Frozen, Bryony Lavery, directed by Will King, running at b current theatre, Artscape Wychwood Barns, to June 3.
Watching Frozen at the tiny, intimate b current theatre is like viewing close-up magic in the hands of a master prestidigitator. You can see every tiny move being made but no matter how closely you watch you can’t figure out how the trick is done.
The heavy-duty play about a British serial killer, the mother of one of his victims, and a psychiatrist studying him is performed by three actors of the Seven Siblings Theatre company, who are on stage only singly or in pairs, shuffling four small boxes that form the set and a very few handheld items.
Yet the play is entirely engrossing. After each scene the actors themselves move the props around, but the second the next scene begins they snap into their characters completely believably.
Especially difficult must be the challenge for Scott McCulloch, tasked with playing the pedophilic murderer, Ralph. Introduced as some kind of ordinary working class joe, he soon reveals the horror of his deeds and, more slowly, the depths of his psychopathy. Toward the end, we get some inkling of his own terrifying childhood and why he may be deserving of forgiveness, as well as some hope he may actually learn to empathize and to feel remorse — cut short in an unexpected action. Throughout, McCulloch maintains his character’s disturbingly relentless demeanour, changing but not not changing, never giving into the temptation of humanizing himself more than the minimal amount required in the script, never sucking up to the audience for sympathy. It’s a tremendous act.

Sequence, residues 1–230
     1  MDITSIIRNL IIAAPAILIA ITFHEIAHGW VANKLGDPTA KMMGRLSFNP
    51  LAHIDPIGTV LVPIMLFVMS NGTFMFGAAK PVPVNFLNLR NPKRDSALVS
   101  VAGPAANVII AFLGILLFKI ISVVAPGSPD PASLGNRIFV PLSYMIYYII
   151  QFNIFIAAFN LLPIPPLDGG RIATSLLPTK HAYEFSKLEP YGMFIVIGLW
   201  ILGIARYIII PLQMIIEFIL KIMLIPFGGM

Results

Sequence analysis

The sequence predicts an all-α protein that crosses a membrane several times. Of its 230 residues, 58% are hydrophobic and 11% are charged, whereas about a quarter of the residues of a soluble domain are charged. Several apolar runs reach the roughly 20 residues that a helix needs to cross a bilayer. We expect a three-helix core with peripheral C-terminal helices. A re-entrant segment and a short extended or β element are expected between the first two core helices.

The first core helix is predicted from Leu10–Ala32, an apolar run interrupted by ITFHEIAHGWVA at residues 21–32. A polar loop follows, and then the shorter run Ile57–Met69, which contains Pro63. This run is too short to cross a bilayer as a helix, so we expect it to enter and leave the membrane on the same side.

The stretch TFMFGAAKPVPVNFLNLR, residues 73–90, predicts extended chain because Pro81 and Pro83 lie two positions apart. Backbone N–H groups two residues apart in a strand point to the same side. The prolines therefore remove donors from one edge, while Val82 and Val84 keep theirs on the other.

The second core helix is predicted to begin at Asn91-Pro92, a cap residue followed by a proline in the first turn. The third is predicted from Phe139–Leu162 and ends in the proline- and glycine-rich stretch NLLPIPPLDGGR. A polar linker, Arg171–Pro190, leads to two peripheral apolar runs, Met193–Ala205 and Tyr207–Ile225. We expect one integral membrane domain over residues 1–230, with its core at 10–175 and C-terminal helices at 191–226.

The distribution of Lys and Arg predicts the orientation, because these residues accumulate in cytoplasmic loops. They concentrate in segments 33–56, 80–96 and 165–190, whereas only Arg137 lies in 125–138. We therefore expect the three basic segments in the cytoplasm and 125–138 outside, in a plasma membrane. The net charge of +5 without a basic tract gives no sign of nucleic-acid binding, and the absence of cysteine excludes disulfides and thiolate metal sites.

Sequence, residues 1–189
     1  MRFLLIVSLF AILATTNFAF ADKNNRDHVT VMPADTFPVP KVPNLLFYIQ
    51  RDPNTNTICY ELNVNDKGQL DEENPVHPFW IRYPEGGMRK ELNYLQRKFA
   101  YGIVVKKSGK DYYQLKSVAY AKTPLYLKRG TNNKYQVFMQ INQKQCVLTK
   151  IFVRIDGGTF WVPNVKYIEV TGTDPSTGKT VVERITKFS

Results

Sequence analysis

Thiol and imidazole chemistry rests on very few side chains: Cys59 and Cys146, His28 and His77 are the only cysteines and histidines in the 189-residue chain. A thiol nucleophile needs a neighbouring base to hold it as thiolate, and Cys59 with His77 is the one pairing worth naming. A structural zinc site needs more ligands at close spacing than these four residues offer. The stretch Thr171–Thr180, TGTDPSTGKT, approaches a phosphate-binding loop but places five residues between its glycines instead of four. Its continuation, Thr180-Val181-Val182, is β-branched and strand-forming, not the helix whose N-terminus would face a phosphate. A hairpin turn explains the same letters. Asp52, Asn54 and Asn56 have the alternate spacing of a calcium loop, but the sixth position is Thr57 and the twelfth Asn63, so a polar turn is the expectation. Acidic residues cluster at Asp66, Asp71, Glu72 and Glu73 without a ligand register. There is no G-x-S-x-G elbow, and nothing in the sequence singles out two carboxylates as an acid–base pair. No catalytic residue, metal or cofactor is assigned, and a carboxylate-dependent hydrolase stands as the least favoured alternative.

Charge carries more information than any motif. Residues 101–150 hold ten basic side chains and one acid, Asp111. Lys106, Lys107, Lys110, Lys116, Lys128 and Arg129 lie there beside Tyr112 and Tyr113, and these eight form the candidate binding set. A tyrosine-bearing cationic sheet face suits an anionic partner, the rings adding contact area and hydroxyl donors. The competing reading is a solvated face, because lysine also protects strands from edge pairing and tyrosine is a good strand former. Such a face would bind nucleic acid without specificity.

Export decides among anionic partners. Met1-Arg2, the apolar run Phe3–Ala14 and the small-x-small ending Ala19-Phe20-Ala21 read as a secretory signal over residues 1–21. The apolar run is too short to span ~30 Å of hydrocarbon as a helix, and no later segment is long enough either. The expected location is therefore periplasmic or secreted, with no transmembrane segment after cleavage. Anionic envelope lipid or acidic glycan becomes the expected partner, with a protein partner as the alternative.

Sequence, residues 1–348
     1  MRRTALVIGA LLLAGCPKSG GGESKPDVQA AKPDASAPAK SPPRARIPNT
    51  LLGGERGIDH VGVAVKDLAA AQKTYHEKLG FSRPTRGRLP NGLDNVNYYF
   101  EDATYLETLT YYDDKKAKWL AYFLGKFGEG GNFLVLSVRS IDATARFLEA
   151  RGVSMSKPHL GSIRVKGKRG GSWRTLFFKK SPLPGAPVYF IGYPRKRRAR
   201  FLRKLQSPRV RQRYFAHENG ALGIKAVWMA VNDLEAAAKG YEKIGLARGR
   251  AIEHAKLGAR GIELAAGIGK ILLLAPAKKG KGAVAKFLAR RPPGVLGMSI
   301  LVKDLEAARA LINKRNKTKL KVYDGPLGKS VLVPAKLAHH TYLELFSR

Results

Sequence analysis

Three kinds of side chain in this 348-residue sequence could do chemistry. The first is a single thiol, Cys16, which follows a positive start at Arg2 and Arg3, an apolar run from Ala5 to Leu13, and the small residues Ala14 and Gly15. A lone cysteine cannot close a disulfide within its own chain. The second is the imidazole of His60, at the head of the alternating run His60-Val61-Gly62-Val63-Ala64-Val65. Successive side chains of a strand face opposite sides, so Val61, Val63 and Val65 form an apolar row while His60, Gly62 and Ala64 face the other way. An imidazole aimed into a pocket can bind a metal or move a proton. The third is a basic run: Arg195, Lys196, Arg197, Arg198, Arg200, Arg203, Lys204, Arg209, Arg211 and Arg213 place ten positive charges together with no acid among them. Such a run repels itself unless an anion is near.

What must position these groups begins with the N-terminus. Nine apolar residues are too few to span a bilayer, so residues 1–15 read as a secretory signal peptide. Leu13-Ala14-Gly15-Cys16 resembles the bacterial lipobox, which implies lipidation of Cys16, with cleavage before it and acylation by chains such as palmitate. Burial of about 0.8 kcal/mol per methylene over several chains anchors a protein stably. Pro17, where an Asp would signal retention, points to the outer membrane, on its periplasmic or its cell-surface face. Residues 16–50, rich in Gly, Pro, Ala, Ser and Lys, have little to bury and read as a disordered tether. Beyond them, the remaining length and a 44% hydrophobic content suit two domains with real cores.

The other two close-up magicians are equally compelling. Nancy McAlear as Nancy makes the heart-breaking transition from a mother who has been searching for her missing daughter for years into a mother learning her daughter is long dead and into a woman wrestling with twin urges to forgive her daughter’s murderer and to kill him.
Madryn McCabe has a different role from the perpetrator-and-victim duo. As American academic Agnetha who has come to England to study serial killers, part of her function is to explore Ralph’s psychology and explain his neuropathology to the audience. She does the latter from a lectern as if presenting at a seminar. Surprisingly this is not as dull as it may sound. It’s really quite enlightening and unusual to get some real science in the middle of a stage drama.
The thesis that Ralph is not really responsible for his awful crimes, as he couldn’t help it — his dreadful childhood, you know — is not as namby pamby liberal as you might also expect. The notion of inherent evil in people like Ralph is dispensed with, of course, but attributing his compulsions to upbringing and brain chemistry, making a victim of sorts out of him, does not lead to a solution either.
It may however help victims and survivors get past the traumatic incidents in their lives, which seems to be playwright Bryony Lavery’s point. It’s up to us. Or not.
The play Frozen (which will certainly never be confused with the Disney confection of that name) made its debut in England 20 years ago and has won awards there, as well as both on and off-Broadway. This Toronto production may be the smallest theatre it has ever played in. But it gives us the chance to engage with some terrific actors face to face in an examination of a very public issue in a manner that makes it very personal.
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